We hit the road, leaving Umi in our wake.

*  *  *  *
One of the most interesting things about traveling are the experiences you have meeting people. For, me conversation is always the treasure. When I was in Germany, I chatted with a politician about his music (he was a part-time house DJ). Today I’m talking to Kori about religion.
“What is your religion? If you don’t mind?” he asks. I tell him that things are mixed in the way I grew up, that Jamaican is a relatively conservative (yet not ) conservative society and my perspectives shifted as time passed. Like anyone, I said, I’m still searching. Kori was similar. He had spent ten years traveling through different countries. He loved rock and Jazz. “ACDC is the best ever!” he said to me with his super smile. He had the sinewy, wired body of a person who is very active. This was confirmed when he told me he was a surfer. “I went to Australia for school, but then I realized that surfing is my life.” He said. His English is very good, and I asked him where he studied. “Listening to music is one of the best ways to learn language,” he said. “Axle Rose was my first English teacher.”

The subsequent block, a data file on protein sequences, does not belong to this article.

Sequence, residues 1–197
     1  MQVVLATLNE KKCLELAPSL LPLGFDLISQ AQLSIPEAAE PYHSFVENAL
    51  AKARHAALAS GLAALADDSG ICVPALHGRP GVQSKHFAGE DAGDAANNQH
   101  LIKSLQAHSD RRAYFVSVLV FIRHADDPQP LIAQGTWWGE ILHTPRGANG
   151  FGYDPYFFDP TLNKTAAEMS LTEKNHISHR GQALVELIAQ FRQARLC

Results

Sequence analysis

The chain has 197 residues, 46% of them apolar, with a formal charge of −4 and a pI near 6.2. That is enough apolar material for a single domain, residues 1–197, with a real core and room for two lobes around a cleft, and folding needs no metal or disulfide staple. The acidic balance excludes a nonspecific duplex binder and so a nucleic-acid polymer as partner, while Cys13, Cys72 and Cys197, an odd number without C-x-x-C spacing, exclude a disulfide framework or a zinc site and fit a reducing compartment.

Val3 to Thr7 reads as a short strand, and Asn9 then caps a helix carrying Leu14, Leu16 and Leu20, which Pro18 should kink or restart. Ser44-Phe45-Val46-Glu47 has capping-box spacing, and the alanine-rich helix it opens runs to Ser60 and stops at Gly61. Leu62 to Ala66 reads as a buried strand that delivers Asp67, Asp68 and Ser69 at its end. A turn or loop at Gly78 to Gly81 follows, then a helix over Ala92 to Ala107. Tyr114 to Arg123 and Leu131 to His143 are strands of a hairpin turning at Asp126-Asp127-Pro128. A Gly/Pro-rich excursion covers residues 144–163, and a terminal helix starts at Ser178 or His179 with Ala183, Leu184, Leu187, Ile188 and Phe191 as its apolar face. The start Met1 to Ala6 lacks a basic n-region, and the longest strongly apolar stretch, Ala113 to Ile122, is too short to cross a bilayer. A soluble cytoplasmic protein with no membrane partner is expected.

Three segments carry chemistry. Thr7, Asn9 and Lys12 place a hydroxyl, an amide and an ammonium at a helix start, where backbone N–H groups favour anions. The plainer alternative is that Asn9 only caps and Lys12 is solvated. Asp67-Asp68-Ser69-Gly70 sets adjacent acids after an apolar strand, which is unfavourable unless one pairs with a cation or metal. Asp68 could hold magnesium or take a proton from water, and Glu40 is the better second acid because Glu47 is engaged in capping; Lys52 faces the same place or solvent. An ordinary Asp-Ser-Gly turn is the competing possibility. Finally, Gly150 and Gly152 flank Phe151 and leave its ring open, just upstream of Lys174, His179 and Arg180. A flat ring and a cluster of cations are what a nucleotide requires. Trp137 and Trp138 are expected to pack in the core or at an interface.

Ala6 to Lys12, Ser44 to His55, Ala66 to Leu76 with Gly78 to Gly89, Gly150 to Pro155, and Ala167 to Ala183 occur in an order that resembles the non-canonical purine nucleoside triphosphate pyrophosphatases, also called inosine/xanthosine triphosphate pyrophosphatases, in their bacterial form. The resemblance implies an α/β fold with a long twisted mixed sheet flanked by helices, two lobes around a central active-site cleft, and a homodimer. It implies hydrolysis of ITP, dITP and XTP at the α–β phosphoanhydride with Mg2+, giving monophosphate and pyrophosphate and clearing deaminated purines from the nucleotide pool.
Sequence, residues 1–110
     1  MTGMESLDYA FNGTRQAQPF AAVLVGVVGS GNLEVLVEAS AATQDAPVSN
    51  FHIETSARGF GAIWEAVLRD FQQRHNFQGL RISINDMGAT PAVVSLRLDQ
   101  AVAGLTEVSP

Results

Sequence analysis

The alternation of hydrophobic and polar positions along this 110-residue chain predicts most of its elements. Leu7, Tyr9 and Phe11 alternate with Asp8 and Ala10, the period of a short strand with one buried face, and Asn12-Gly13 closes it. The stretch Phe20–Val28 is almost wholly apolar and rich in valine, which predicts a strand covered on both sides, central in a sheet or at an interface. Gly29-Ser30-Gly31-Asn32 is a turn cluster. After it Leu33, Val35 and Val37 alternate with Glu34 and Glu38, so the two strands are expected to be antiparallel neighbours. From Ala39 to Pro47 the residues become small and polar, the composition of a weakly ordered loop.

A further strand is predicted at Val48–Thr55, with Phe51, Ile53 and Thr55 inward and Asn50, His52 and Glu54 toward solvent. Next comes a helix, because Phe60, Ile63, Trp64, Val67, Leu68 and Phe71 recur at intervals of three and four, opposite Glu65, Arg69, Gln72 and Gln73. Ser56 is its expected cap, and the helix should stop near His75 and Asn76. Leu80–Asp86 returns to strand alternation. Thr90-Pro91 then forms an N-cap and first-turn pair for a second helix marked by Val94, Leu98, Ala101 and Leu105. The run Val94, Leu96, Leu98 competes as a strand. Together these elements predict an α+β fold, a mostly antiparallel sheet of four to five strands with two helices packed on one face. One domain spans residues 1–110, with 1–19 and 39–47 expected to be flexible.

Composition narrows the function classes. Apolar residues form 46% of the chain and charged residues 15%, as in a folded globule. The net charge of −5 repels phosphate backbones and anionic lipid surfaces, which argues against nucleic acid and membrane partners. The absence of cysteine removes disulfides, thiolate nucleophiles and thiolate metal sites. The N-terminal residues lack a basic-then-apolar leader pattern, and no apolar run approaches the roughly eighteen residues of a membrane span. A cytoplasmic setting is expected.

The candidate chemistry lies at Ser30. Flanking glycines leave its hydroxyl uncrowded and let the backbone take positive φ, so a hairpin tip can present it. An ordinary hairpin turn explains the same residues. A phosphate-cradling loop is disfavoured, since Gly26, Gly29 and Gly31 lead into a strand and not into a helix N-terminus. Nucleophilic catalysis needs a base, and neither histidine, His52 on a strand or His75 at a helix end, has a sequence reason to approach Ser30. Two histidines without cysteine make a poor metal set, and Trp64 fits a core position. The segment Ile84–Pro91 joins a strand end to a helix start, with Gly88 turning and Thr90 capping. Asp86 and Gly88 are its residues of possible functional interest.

His car was a mirror of his lifestyle. A guitar was wedged in between a tattered biker jacket and a skateboard in the back seat. Beside the skateboard was a mid-sized plastic box was filled with CDs and minidiscs. Rock paraphernalia, little cups and empty boxes of cigarettes were everywhere. We drove along the highway listening to Kyioushiro, (the Japanese John Lennon). Every twenty-five minutes we made stops. “I have to get coffee.” He would say with a laugh.
We listened to ACDC’s back in Black, a Lenny Kravitz CD and Velvet Underground.  I was getting a rock education from a Japanese surfer. When we reached Nagoya, we hung out on the roof of a SEIYU supermarket while we waited for Daiki to arrive at the Café where the film event was being held. Sayuu is  a chain of large supermarkets in Japan. On the roof, I could see Nagoya’s landscape; a sea of angled roottops and cream colored buildings. Far away, I could see hills. The sky was a quiet blue and cotton ball clouds lazily coasted across the sky. I slept for a few minutes. I grabbed Kori’s skateboard and did a few lazy ollies, alternating between that an Mafia live on my Iphone.
Kori’s phone rings.
“It’s Daiki, ” he says. “He’s here.”
We hop back into the car and it comes to life with a growl. Ten seconds later, we are at the Café. I see Daiki, and remember him immediately. When I saw him the first time, he had a goate and a moustache, and was wearing what I’ve dubbed the Japanese “superV” t-shirts. Its like a V-neck, if a V-neck exposed your entire chest. Now he was clean shaven, but was instantly familiar. The last time I saw him was in France, now I was in his hometown in Japan. Life is funny.